Personal belongings tell story of music festival massacre

‘We realized that every item that was left behind—even the smallest thing—has huge significance for the survivors as well as for family members’

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Rows of dusty sandals and sneakers, some in pairs. A bin of damaged sunglasses, a couple without lenses. T-shirts, shorts and other clothing in neat piles alongside colorful purses and handbags.

These were among the thousands of personal items left behind following Hamas’s murderous rampage at a musical festival in southern Israel last month.

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Three hundred and sixty-four people were murdered at the outdoor music festival—nearly one-third of the 1,200 people killed by Hamas on Oct. 7.

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The belongings, which were amassed from the scene of the deadly attack, are now laid out on rows of tables at a banquet hall overlooking the shores of the Mediterranean Sea for survivors or their families to reclaim.

The sorted items were brought here at the end of last week after being painstakingly collected by Israeli soldiers and then Israeli police in an effort to return them to survivors. Bloodied belongings were buried in keeping with Jewish religious law.

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“We realized that every item that was left behind—even the smallest thing—has huge significance for the survivors as well as for family members,” said Omri Kochavi, 38, a producer of the Supernova music festival who escaped the deadly event with his wife and organized the display.

The seemingly ordinary collection of belongings at the banquet center— which is serving as a multi-faceted healing center for survivors—seems, at first glance, to resemble a second-hand store. In fact, it is anything but, and each and every item clearly seeks to offer a little closure to traumatized survivors.

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“The event isn’t over,” said Kochavi, six weeks after the attack. “We are still living it.”

A green wallet; a multi-coloured scarf

“It was a green wallet,” one young woman said Monday afternoon as she gazed, in a daze, through the selection of items, before looking at the shattered sunglasses. “I was there; it was much worse than this,” she mumbled. Two friends, Niv Amsalem, 22, and Shoham Cohen, 20, were looking for a multi-colored scarf that Amsalem’s father had given him. “I didn’t even have a chance to take it out of my backpack,” he said.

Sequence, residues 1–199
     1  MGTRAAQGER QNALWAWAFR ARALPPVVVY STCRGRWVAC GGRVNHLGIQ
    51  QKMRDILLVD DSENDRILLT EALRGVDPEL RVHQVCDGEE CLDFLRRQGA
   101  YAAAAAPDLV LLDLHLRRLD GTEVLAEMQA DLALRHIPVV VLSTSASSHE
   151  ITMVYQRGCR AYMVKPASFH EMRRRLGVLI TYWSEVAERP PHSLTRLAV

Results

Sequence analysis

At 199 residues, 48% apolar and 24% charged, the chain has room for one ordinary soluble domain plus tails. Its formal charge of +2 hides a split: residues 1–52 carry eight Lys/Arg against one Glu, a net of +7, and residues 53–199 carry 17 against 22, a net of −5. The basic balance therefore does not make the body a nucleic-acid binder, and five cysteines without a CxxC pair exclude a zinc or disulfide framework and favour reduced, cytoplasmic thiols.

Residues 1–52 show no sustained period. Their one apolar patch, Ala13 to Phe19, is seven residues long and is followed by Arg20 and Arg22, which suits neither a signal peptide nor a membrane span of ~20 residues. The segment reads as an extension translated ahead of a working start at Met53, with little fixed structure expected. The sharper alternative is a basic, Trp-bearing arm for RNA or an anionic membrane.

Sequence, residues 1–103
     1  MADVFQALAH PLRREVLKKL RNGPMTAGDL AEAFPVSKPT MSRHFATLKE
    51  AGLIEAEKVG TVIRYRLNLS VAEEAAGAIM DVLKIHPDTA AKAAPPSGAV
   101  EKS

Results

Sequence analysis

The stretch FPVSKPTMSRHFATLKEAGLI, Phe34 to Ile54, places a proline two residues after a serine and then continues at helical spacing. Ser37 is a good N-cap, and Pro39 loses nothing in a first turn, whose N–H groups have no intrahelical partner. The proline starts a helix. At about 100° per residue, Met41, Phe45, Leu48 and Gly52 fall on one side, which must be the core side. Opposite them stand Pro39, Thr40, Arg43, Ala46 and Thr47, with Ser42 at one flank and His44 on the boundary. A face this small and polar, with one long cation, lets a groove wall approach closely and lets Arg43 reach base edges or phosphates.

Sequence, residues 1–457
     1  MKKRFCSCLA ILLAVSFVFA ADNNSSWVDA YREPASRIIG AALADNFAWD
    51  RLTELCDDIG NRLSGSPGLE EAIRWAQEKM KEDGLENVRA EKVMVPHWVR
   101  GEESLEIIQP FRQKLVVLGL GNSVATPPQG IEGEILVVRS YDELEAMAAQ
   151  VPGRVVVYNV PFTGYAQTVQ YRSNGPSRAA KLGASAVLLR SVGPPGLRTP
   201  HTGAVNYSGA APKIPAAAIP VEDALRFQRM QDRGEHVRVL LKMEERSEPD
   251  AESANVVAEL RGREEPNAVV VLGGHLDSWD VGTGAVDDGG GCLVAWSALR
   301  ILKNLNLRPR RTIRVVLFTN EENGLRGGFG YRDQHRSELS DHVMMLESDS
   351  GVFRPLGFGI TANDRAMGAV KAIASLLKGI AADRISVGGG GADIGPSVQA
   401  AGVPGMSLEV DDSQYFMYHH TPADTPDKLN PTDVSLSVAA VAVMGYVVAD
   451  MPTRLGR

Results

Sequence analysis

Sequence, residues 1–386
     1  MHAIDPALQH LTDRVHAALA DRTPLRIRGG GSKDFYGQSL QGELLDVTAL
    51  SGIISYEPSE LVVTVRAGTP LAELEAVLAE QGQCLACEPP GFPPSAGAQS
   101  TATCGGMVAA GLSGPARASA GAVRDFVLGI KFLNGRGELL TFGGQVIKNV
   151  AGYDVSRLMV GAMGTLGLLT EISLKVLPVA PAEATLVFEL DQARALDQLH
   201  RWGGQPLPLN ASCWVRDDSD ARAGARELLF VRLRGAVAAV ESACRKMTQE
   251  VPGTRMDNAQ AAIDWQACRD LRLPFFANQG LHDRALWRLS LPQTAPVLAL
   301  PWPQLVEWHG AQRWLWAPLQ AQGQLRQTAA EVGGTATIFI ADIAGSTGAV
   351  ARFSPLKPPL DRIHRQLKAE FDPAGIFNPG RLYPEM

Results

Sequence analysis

Two soldiers who were at the festival embraced in tears as they sifted through the items. Deriya Petrov, 25, found both her dusty sandals, which fell off her feet as she ran from the attackers in the desert sands, as well a knapsack with her event dress still stuffed inside.

Some of the victims who found their items left them there, too scarred to take them back, volunteers said.

One survivor located his bag and, much to the astonishment of the police, who had searched the items for personal identification, found his national ID card in a hidden pocket. “I knew it would still be there,” he told them.

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In all, 250 items have already been recovered by their owners since the belongings went on display on Thursday, a police official said. The items will remain in place for the next two weeks, and then be brought to Tel Aviv.

Beyond the personal belongings, it is a sense of togetherness, of a life-altering experience that unmistakably bonds the survivors sifting through the tables. Some are too upset to speak, while others dash through the piles before quickly exiting the area. Still others loiter and console each other.

Closing a circle

Music festival producer Kochavi said that it was when he went back to the scene after the attack to retrieve personal items for his wife and then friends that he realized the importance of bringing the belongings back to their owners.

“Every morning I get up, I keep thinking this was a nightmare,” he said, recounting the 3-mile run he and his wife and hundreds of others made to get away from the terrorists. He remembers helping bandage one bleeding young woman who had been shot twice in the leg, only to send her back with security to the festival grounds, unaware that the assailants would overrun the area minutes later. Her fate is unknown. “They would murder anyone who couldn’t escape,” he said.

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His 26-year-old brother, Zohar Kochavi, who was also at the party and managed to escape with his girlfriend, immediately joined his IDF reserve team after getting back to Tel Aviv that fateful Saturday morning. He was later wounded by a grenade in Gaza and is currently recovering in hospital. The words “Nova beach” were scrawled by soldiers in the coastal strip, some of whom had been at the festival or who had seen the massacre carried out there.

Seeking to gain closure, Kochavi said that he envisions returning to the scene of the attack next year to dance once again.

“Only then will we know that we were victorious,” he said.

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